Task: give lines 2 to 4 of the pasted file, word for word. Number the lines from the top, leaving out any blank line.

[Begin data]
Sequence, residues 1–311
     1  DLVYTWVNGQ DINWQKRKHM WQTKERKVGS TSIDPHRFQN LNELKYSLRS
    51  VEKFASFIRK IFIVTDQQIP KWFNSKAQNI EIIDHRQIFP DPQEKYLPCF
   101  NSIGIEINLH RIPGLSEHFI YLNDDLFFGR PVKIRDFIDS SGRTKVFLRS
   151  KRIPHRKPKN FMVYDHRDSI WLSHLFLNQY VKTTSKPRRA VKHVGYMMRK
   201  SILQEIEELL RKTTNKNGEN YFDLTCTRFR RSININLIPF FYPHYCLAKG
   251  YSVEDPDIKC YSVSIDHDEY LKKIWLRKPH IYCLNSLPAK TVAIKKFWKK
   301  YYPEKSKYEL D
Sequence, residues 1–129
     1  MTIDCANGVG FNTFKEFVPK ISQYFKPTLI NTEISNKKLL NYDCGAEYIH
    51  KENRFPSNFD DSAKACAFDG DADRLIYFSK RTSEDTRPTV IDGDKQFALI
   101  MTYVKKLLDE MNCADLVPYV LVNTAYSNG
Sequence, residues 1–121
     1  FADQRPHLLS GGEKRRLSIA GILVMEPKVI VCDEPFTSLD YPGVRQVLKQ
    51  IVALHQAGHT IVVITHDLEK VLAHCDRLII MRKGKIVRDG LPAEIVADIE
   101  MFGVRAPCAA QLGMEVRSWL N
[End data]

     1  DLVYTWVNGQ DINWQKRKHM WQTKERKVGS TSIDPHRFQN LNELKYSLRS
    51  VEKFASFIRK IFIVTDQQIP KWFNSKAQNI EIIDHRQIFP DPQEKYLPCF
   101  NSIGIEINLH RIPGLSEHFI YLNDDLFFGR PVKIRDFIDS SGRTKVFLRS